It's called the HP Open Architecture Controller; it is a computer numerical control (CNC) system for machine tools, and yes, it is from Hewlett-Packard (Palo Alto, CA). Specifically, it comes out of the HP Test and Measurement Organization, which is, interestingly enough, the original business unit of HP.
Remarks HP's Peter Mills, "What we think we bring to the table is considerable experience in motion control for high-performance servo systems." By which he means systems, for example, that are used in semiconductor manufacturing. But what does that have to do with metalcutting machine tool control for applications in automotive and aerospace, two of the target markets that HP has identified for the new CNC controller? Plenty, according to Mills, the marketing manager of the controller through HP's Santa Clara Div. That is, he explains that the semiconductor wafer stepper machine costs on the order of $1-million. It runs 24 hours per day, seven days per week. And within four years it is obsolete. During the processing of the wafers, the piece parts can be valued at $500,000 each, so there is zero tolerance for misalignment. What this means is that the HP servo boards that are used to keep these things going have to have high reliability, excellent uptime and precision. Things that are certainly key to metalcutting operations. (HP people do have a solid familiarity vis-à-vis metal cutting applications, given the company's laser-based machine tool calibration equipment.)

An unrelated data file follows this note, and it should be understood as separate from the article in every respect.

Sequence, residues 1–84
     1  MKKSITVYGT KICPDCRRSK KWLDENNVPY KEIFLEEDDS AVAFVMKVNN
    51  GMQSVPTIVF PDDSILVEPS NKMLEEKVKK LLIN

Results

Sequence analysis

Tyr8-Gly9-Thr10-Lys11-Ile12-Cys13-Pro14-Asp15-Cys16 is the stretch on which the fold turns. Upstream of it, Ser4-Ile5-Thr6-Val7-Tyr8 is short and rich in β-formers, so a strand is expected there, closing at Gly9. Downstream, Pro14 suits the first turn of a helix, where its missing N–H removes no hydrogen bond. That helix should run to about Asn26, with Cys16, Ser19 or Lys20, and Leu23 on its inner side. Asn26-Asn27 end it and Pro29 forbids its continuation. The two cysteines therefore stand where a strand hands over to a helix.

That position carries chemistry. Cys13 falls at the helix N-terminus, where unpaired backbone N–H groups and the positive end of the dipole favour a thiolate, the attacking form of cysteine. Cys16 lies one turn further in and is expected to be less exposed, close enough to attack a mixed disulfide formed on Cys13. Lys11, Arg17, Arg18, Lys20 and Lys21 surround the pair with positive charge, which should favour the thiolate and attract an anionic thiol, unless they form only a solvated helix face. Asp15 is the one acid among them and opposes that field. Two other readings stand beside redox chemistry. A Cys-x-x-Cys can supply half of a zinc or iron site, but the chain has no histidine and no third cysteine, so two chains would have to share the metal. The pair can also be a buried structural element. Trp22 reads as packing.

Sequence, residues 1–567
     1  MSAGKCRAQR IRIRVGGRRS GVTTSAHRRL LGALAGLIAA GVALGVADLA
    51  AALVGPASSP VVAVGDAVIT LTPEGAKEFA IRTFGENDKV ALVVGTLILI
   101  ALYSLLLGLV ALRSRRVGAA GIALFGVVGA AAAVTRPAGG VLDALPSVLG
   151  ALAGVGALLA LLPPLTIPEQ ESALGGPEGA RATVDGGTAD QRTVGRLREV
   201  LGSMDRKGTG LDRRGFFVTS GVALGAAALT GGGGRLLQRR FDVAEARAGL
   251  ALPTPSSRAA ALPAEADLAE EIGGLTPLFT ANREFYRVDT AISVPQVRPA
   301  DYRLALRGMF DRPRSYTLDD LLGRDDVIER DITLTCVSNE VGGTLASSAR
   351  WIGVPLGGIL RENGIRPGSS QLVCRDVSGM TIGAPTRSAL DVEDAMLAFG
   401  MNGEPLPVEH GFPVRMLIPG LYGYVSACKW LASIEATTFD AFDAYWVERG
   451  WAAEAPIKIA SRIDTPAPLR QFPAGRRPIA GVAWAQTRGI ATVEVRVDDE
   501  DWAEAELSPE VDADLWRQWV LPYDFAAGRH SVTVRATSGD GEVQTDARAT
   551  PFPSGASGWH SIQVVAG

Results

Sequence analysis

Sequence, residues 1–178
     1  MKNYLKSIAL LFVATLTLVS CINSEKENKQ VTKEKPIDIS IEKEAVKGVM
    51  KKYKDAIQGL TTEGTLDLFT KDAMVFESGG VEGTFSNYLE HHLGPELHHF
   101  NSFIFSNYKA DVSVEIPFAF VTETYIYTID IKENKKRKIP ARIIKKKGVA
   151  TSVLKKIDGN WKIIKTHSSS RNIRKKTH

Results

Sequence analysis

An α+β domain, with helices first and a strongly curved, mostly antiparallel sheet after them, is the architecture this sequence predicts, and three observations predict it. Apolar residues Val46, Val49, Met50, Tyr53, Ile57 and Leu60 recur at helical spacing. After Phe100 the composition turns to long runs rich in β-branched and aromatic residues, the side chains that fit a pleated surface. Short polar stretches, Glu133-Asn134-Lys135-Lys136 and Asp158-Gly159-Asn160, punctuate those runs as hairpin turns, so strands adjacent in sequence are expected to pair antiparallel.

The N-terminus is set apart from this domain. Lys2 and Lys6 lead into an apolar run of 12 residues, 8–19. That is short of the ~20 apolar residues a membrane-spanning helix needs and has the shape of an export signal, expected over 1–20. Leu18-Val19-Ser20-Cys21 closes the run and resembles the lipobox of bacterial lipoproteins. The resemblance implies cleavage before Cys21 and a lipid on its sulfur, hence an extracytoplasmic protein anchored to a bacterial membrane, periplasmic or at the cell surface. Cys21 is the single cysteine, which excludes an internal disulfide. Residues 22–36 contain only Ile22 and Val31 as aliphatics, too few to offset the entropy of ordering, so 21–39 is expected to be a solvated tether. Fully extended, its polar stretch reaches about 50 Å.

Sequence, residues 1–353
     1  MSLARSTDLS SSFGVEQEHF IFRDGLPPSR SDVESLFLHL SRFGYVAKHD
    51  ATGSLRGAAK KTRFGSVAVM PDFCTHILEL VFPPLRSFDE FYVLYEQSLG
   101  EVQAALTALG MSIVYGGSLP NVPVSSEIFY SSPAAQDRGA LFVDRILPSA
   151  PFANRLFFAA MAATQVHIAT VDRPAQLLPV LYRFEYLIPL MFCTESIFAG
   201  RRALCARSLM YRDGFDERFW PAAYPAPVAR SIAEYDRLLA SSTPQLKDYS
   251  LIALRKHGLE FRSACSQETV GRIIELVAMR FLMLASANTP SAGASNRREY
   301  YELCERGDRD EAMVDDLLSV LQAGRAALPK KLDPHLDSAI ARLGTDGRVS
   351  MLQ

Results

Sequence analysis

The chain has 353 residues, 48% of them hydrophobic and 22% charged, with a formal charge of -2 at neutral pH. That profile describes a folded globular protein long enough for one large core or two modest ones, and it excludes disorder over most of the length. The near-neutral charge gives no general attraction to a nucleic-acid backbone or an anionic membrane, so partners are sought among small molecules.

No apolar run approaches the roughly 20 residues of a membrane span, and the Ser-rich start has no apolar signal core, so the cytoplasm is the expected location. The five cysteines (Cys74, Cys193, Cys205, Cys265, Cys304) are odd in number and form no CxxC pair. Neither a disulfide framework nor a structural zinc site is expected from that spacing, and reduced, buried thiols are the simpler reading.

The second thing that HP brings to the table is the company's vast know-how in the area of open systems for computing (i.e., according to the company, it is the world's leading supplier of open UNIX system computers). And openness is the key to this development.
What "Open" Means
Nowadays, "openness" with regard to CNC controls is the characteristic to have, it seems. However, the HP argument regarding what "open" means puts that company in a different position from many other vendors. As Mills explains, the traditional vendors of CNC units developed their own real-time operating systems, high-speed buses, CPU boards, drive interfaces, and input/output (I/O) methods. The key terms here are "their own." Which means proprietary.
These vendors, Mills continues, are now offering what they are calling "open" or "PC-based" CNCs. But he says this is more show than go: the CNC with a PC is "open" only to the extent of the operator interface, the front end of the system. The other aspects of the traditional CNCs, he maintains, continue to be proprietary.